The objective of this exercise is to learn how to manage behaviours we (all) exhibit when under stress.
I shared a tool at a corporate workshop recently created called the Traffic Light System. Individuals who attended the session said the traffic ‘yellow zone’ section was the most valuable part of the presentation so I thought to share it here in case it helps anyone looking to manage their emotions at work and those of their team.
WHY IT WORKS:
Most of us find it easy to articulate what frustrates us, but not all of us find it easy to articulate what helps us kick ass at work.
When we see how our thoughts influence our feelings, we are in a stronger position to manage the behaviours associated with what's going on in our heads. And kick ass behaviour benefits not just our productivity - but everyone around us, including our direct reports, colleagues, friends and even our relationships outside of work. That's why this model is important.
HOW IT WORKS:
My traffic light system focusses on a psychological tool used to manage the behaviour across humans and animals under the ABC model of understanding behaviour:
A - the environment which predates the behaviour
B - the behaviour (good, neutral, negative)
C - the consequence as a result of said behaviour
The first step:
identify what feelings and behaviours you are experiencing in the following three 'zones':
- Green - kick ass, slaying, badass you. How you feel, act, influence others when you feel in control, working and performing to your highest value. How do you feel when you're kicking ass at work? What are the contributing factors? What environment are you in? What else is contributing to this?
- Yellow - what's happening in your body and mind that gives you clues that something doesn't feel quite right? What emotions do you feel and behaviours do you exhibit before you feel 'out of control'?
- Red - what words can you describe to bring to life what 'out of control' means for you? If you find it hard to articulate this - you're not alone. Seldom are we encouraged to actively articulate bad behaviour, yet, by understanding how we act under stress, we have an opportunity to prevent it.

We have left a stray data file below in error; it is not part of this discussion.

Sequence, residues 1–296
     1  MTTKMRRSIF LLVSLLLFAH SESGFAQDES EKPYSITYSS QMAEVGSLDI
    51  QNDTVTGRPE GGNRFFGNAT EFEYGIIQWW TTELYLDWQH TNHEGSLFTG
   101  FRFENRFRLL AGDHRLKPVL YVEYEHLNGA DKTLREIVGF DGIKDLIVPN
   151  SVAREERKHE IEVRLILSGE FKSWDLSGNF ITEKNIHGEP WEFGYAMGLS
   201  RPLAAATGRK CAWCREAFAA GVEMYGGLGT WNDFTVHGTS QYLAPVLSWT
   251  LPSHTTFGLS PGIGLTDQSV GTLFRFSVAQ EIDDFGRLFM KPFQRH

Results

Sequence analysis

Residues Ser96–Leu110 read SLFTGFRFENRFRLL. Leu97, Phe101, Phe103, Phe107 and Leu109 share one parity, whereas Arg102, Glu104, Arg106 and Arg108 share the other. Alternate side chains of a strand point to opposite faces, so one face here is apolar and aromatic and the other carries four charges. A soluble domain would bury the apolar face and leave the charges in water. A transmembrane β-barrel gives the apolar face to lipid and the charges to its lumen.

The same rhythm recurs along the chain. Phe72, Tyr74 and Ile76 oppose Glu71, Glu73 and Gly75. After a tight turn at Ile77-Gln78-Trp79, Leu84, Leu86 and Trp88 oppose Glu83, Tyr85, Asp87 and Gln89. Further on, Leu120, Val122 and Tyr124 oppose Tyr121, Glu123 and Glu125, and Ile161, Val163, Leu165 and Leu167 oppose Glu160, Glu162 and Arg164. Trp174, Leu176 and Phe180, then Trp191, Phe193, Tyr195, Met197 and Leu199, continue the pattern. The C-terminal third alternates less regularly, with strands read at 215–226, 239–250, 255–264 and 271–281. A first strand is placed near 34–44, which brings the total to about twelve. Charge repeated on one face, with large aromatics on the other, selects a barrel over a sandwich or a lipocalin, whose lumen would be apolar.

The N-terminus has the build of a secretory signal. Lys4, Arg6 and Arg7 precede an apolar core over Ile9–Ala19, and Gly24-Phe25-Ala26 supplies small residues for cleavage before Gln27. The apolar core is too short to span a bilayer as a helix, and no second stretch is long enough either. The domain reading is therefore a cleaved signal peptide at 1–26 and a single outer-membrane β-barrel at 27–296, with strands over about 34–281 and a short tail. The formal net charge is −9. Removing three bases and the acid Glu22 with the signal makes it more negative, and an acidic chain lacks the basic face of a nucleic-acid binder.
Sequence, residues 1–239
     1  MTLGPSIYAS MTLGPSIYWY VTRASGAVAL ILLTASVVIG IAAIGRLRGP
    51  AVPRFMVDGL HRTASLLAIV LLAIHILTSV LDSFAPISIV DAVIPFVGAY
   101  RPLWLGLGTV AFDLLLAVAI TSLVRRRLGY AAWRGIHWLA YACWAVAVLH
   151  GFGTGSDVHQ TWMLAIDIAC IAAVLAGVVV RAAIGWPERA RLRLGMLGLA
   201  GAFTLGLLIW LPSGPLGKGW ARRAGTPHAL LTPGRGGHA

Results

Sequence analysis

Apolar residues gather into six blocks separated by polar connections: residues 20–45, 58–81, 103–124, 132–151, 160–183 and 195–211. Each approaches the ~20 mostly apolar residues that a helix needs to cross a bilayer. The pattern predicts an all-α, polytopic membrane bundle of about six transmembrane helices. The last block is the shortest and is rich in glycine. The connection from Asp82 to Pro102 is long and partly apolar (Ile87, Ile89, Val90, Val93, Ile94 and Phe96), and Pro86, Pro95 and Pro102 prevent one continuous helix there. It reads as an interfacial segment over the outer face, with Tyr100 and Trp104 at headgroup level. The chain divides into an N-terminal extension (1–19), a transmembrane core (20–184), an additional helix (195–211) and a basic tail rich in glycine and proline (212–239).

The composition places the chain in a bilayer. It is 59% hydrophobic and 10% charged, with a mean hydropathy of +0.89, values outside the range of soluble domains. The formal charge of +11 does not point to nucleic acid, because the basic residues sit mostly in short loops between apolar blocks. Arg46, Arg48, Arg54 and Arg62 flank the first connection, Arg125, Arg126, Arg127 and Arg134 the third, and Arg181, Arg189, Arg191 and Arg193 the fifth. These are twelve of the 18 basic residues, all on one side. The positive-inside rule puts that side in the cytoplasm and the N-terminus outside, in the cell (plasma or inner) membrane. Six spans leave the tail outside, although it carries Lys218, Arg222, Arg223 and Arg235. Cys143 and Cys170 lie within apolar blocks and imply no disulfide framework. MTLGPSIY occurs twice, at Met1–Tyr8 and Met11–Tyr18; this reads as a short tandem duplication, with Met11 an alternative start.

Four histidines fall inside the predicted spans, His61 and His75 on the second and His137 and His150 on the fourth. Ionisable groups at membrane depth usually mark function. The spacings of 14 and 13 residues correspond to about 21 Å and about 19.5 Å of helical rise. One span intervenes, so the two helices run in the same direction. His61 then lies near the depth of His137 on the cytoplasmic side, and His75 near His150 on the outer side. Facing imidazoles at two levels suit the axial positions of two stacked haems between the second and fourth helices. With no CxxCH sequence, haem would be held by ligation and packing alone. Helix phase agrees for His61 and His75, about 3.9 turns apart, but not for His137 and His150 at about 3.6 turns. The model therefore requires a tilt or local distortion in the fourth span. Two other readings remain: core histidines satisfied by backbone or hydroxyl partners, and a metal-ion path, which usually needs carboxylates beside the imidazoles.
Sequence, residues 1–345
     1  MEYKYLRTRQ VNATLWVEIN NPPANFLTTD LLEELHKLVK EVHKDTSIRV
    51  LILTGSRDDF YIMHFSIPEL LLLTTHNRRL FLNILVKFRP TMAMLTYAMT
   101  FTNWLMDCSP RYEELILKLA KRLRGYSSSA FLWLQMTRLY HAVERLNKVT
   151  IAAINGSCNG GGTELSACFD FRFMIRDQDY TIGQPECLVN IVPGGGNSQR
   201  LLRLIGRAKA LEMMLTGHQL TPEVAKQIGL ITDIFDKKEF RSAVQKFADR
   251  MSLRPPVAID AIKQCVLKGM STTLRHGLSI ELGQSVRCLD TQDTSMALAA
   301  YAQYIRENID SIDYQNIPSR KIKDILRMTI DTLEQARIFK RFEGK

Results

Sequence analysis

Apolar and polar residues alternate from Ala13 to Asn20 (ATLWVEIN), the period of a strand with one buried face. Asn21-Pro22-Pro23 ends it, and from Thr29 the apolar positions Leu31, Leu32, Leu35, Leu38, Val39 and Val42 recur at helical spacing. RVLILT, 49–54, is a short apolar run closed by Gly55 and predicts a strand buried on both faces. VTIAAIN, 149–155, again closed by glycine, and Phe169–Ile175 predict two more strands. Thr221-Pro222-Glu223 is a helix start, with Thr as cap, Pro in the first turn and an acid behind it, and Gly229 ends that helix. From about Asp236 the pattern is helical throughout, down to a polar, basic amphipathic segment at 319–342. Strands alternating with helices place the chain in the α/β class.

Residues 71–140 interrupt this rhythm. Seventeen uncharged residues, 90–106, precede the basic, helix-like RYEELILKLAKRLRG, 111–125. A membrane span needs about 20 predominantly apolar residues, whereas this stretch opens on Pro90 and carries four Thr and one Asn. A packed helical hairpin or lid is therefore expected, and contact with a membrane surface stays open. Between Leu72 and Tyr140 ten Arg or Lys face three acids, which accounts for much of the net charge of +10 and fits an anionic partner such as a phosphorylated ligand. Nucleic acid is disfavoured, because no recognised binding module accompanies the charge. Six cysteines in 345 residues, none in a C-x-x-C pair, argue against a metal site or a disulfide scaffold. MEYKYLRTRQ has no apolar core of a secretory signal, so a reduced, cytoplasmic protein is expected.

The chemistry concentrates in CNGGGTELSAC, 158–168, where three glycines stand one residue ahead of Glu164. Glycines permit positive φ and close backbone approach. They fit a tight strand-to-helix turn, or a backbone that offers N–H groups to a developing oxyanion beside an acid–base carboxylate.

Now we want to see what clues we have to help us understand what takes us unto our yellow and red zones. Once we understand the contributing factors, we are in a stronger position to manage our feelings and emotions back into the green zone. The goal here is to be in a stronger position to notice when we are in the yellow zone and then create a new thought or habit to help us return back to green.
HERE ARE SOME EXAMPLES:
- Green: I feel in control, positive, full of energy and lots of patience and praise for others. Usually this happens when I've balanced my alone time with people time, am doing work that makes me feel like I'm adding kick ass value and I'm working with people who rock my world.
- Yellow: I feel anxious, distracted, likely to check my phone or social media for no apparent reason. Less tolerant of others and likely to roll my eyes, smile less and sigh loudly. Often I haven't had enough down time.
- Red: I feel angry, annoyed, frustrated and more likely to be sarcastic and mean to others. More likely to be critical of others and see little opportunity for improvement. Usually I'm over tired, have taken on too much work and haven't been to the gym in a while.
IDEAS I HAVE TO GO FROM RED TO YELLOW TO EVENTUALLY GREEN:
- Being aware of them as they happen is a good first step. When I notice my body and behaviour changing, remove myself from the situation.
- Pay more attention to when I'm first in that 'yellow' zone and ask myself "is it really that important?"
- Stop more regularly during the day to ... STOP and take stock of what I've done well so far.
- Make it a fun team thing. Give my team yellow cards and give them the OK to use them when either myself or others are going into their yellow zone. Give a reward for the individual who receives the least amount of yellow cards each week.
Managing yourself is the best way to make the biggest impact. Give your boss, colleagues, friends and loved ones the gift of being a grown up and managing your feelings so you can continue to kick ass in work and in life.